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Recycling Gowns

I've only called myself a photographer for a few years; having started in wildlife with butterflies I knew I wanted to do something that was going to make some kind of difference. It didn't have to be big, simple could be better but it also needed to be something that kind of set me apart! Photographers, great photographers are everywhere! I'm just a self-taught photographer how in the world am I going to attract clients?

Butterflies ... fairies .... the leap isn't far!

But, darn, the prices of those gorgeous long, flowy gowns. I knew immediately where to go.

Thrift Stores

I've been a fan of thrift stores since my grown children were babies; clothing, furniture, dishware .. there wasn't anything I hadn't seen at thrift stores. So that's where I go. Thrift, Consignment, Restore. Whatever they name it I will find it. Thrift stores are filled with used items, of course, but often one can also find brand new and unused items. Sure there may be some bed sheets with stains or some shoes that smell a little funny but also there's once worn wedding and formal gowns, barely used corsets and often dusty but easily cleaned artificial flowers.

It's incredible how much can be reused for just a fraction of the cost of by new!


Think outside the box; dresses aren't the only options. Check the skirt section, the scarves, the bedsheets and curtains. Sheer and tulle curtains are great additions for creating fullness in skirts. Bathing suits, more specifically that bikini top that doesn't have a matching bottom, can be decorated with some sea shells and jewels to create a fanciful mermaid bra.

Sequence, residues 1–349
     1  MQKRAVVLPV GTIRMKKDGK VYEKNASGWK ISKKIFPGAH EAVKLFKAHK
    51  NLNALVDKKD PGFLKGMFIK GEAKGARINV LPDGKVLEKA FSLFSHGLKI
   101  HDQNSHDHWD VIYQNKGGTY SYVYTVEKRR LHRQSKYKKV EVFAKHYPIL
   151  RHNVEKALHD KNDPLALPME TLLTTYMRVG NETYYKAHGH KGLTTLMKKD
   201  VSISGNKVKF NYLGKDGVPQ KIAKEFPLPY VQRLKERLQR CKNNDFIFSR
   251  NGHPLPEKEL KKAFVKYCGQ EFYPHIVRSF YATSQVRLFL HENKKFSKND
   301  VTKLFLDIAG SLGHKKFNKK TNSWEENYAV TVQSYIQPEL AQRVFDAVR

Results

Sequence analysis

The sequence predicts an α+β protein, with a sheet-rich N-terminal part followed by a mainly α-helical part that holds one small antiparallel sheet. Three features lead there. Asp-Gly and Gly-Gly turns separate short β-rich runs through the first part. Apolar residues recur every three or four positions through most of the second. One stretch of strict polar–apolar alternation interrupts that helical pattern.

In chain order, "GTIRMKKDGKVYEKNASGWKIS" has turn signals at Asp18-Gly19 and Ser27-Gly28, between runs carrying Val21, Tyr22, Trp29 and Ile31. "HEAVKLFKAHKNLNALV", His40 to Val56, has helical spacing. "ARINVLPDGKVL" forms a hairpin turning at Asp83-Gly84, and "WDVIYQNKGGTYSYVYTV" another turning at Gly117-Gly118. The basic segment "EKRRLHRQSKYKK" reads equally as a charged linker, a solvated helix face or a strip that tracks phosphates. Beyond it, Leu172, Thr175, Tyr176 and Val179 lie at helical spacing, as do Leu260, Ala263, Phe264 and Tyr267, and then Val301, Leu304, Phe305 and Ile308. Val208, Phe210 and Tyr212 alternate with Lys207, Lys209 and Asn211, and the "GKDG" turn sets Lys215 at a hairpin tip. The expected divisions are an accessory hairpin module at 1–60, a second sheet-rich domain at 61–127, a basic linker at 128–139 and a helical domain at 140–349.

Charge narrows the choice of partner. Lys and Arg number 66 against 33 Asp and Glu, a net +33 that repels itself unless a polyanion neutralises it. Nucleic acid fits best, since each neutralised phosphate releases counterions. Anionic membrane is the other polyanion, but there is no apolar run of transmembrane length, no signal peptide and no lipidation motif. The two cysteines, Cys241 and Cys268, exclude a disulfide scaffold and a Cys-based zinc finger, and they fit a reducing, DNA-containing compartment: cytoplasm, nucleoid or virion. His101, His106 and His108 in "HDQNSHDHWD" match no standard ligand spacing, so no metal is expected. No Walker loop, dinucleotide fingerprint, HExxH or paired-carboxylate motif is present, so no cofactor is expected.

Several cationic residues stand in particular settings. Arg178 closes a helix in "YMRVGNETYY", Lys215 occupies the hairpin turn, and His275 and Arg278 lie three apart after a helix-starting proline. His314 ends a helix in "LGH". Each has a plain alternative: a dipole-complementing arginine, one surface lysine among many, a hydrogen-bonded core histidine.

Don't limit yourself to just the clothing and linens.

Check the shelves for props and more. I once found a Christmas tree topper I turned into a crown. Placemats I've made into ornate shoulder pieces. And wooden cigar boxes that were transformed into magical books.


On multiple occasions I've been able to recycle a costume more than once. I don't like to reuse costumes, I rather prefer to keep them unique to each session. I had been given a layer lace wedding dress by a model.

A real Boho vibe with it's lacey layers, the dress was perfect for the sunflower fields.

The second-hand bass was a wonderful addition with it's Autumn decor added. We revisited the dress a couple days later, the model more than happy to do so because she absolutely loved the dress.

Fast forward a couple months, I found an umbrella that really grabbed my attention (at the thrift store of course!). Red with purple flowers. And now I knew what I wanted to do with the above dress to reuse it again. A little dye and some time and we reached red, the following picture is the results.

I still wanted to hold on to this costume because I love those lacey layers and it has been repurposed for a third time by me! Refashioned into a skirt now (I don't have pictures yet) it is prepared for a Steampunk inspired look. It's not done yet!

Skills, what sewing skills?

At best, I would be considered novice where it relates to sewing skill. I know how to thread the sewing machine, I don't know stitches. I'm learning things as I go with lots of looking up of how tos and sewing tips along the way. Every costume is unique and that makes it all worthwhile to me.

Sure not every dress will fit every client or model. Recycling gowns means that they can be previously altered. This can cause issues, I've more than once needed to use safety pins or even those elastic straps for holding bed sheets on to keep costumes up and covering. It happens but it doesn't have to be the end all.

Safety pins, paper clamps (not clips), fabric glue and more options are available out there to help people, like me, lacking in sewing skill.

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